America will awake from the Clinton presidency with a world-class hangover. And like the standard morning after, America will marvel at the many things it reportedly did the night before. It will, of course, deny that it ever approved of Clinton as president. But the record is there. And this is, after all, the same opinionated America that voted George Bush out of office 18 months after a record 92 percent approval rating.
There are two phenomena at work in Clinton’s high approval ratings. Neither means that America thinks Clinton is a good guy or the war for America’s morality is lost:
Phenomenon 1: The telecom-connected, IT-driven, Fed-managed, low-inflation U.S. economy has people at work. Pots and garages are full, and people are as content with life as they have been for a long time. For most of our history, politicians and the media have trained the American people to give politicians credit (or blame) for a strong (or weak) economy. So, on issue one: “Can we pay our bills?” Clinton gets a measure of credit, deserved or not.
But more importantly, Clinton gets a shrug. When people are content with life, they seldom care about things in Washington. And the demographic that “doesn’t care” about Clinton’s disgusting personal behavior is a subset thereof. Most Americans are not professional moralists and simply shrug off presidential sleaze as a minor sidebar in their lives. If unemployment were to tip up two points, Clinton’s approval rating would dive to the low 30s. It’s that simple. Why don’t the pundits say so? Because if they did, they’d be confessing that America doesn’t care, as a subset, about them either.
Phenomenon 2: Clinton’s approval ratings are simply a polling echo. As recently as a decade ago, opinion polls were used by the White House to monitor how it was doing with its governing agenda. But the Clinton White House has used opinion polls to set its agenda.
When Reagan wished the federal government could be managed more like corporate America, this was not what he had in mind. But this is, of course, exactly how corporate America manages, and this is how the Chairman and CEO of the federal government manages: He leads by survey research.
The Clinton White House has spent five times as much money on weekly and pulse polling as any White House in the modern era; up to $5 million a year in DNC money. And what the people say they want—as modulated by Oprah and the other sovereigns of vox-pop—Clinton gives them.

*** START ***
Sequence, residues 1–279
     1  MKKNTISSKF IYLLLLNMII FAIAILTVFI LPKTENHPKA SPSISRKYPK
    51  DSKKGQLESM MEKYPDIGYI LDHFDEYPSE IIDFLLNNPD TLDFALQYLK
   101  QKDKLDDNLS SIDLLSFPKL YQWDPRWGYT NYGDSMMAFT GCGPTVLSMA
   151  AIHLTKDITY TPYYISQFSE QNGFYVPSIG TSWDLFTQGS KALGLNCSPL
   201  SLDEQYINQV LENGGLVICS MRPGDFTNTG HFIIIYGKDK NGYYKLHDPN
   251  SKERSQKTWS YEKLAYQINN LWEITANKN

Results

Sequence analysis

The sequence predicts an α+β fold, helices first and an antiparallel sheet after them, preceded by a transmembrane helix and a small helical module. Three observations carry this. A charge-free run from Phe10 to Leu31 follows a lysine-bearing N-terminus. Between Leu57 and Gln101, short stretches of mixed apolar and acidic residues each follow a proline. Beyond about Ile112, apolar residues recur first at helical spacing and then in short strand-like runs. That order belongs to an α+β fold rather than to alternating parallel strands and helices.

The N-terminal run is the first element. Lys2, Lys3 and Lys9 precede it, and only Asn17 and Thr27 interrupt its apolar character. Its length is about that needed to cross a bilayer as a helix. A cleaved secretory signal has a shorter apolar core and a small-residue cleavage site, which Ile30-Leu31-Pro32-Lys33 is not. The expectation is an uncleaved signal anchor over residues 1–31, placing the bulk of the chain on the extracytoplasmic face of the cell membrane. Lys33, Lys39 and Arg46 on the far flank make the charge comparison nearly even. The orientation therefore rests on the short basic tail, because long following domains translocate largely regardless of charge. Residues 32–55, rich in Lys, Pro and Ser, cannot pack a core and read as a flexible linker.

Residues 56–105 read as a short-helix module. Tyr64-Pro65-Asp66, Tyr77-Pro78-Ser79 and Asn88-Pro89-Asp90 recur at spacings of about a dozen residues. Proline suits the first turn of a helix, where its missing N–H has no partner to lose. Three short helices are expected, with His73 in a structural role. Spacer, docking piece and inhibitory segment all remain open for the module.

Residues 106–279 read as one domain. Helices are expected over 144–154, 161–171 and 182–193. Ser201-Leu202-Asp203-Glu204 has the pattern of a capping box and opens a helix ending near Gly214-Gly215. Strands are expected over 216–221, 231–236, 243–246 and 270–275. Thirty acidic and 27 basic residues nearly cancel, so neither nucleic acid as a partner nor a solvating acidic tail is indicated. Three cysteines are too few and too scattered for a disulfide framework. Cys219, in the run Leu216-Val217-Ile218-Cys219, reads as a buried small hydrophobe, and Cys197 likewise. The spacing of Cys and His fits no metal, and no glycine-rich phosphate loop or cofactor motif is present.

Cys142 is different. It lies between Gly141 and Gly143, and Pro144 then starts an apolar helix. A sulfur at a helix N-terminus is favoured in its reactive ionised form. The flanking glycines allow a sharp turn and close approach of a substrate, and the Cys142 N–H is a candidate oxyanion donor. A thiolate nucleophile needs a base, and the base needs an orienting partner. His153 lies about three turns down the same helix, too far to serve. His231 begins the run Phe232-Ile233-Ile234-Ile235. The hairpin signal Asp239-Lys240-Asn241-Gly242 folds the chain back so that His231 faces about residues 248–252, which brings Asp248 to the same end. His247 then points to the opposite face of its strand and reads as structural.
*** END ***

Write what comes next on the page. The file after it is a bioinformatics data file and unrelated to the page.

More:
In the not-so-distant past, presidents of the United States focused policy-making on tax reform, trade, civil rights, and the Cold War. These days the power of the presidency is committed to making Viagra a medical right, to discovering safer child safety seats, and to beating up on big tobacco. To be fair, there have been other initiatives not preapproved and sanctioned by polls: peace between Palestinians and Israelis, peace in Northern Ireland; standing tall against Serbia and China, and, lest we forget, wagging the dog.
The Clinton State of the Union addresses have been little more than cut-and-pasted scraps from White House opinion polls. This is what leadership has become. You can blame it on the legacy of Dick Morris’s advice—low-risk leadership by opinion poll.
Polls offer quantitative security and only occasionally qualitative creativity. Polls do the thinking for you. Polls eliminate risk and provide alibis. The marketing research that steers corporate America is now steering presidential America.
Face it, if a company or a president gives you everything you think you care about in a 90-second reflection—with prompted responses during a telephone survey between helpings at dinner—wouldn’t you be inclined to give positive reviews when the pollster calls back?
Again, here is how the polling echos happen: Aggregated America is keen on Viagra. The president comes out for Viagra. And America says, with paychecks and a shrug, “We’re in synch!” Hence, the president is doing a good job.
So what’s wrong with this? Democracy appears to be at work. Two things are wrong:
1. Creativity and innovation are smothered by what the research says.
2. The polling and research business is filled with mediocrity, shortcuts, and, increasingly, bad research.
Are You Still Reading?
Now, at about five minutes into this piece, magazine readership surveys say that I am at risk of losing you as a reader if I don’t change the tempo. So I am quickly shifting to U.S.A Today format. Research says that I am now 65 percent more likely to get you to finish this piece. Research also suggests that if you finish this piece and find it compelling, you have a two percent probability of writing a letter to the editor, which, pro or con, is good for me.
Seven Points about the Dark Side of Polling